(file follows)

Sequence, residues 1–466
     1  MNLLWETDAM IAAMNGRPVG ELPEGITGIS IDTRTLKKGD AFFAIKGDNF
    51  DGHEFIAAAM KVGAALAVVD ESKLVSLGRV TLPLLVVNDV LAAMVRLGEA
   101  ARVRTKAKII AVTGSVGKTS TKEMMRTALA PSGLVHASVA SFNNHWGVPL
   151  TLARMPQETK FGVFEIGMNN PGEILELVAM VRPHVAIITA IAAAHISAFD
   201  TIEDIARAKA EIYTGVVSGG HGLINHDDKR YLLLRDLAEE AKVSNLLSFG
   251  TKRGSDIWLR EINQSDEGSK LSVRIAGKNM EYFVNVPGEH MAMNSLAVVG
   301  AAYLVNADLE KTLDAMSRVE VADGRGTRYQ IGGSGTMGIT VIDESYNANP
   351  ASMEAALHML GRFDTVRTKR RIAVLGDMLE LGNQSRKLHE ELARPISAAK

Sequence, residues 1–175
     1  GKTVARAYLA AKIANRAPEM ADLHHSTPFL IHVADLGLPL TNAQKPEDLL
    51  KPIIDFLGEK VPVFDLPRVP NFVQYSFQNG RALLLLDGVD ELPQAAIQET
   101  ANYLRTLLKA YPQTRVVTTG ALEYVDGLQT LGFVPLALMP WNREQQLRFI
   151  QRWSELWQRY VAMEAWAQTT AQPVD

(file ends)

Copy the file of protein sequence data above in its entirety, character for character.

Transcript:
Sequence, residues 1–466
     1  MNLLWETDAM IAAMNGRPVG ELPEGITGIS IDTRTLKKGD AFFAIKGDNF
    51  DGHEFIAAAM KVGAALAVVD ESKLVSLGRV TLPLLVVNDV LAAMVRLGEA
   101  ARVRTKAKII AVTGSVGKTS TKEMMRTALA PSGLVHASVA SFNNHWGVPL
   151  TLARMPQETK FGVFEIGMNN PGEILELVAM VRPHVAIITA IAAAHISAFD
   201  TIEDIARAKA EIYTGVVSGG HGLINHDDKR YLLLRDLAEE AKVSNLLSFG
   251  TKRGSDIWLR EINQSDEGSK LSVRIAGKNM EYFVNVPGEH MAMNSLAVVG
   301  AAYLVNADLE KTLDAMSRVE VADGRGTRYQ IGGSGTMGIT VIDESYNANP
   351  ASMEAALHML GRFDTVRTKR RIAVLGDMLE LGNQSRKLHE ELARPISAAK

Sequence, residues 1–175
     1  GKTVARAYLA AKIANRAPEM ADLHHSTPFL IHVADLGLPL TNAQKPEDLL
    51  KPIIDFLGEK VPVFDLPRVP NFVQYSFQNG RALLLLDGVD ELPQAAIQET
   101  ANYLRTLLKA YPQTRVVTTG ALEYVDGLQT LGFVPLALMP WNREQQLRFI
   151  QRWSELWQRY VAMEAWAQTT AQPVD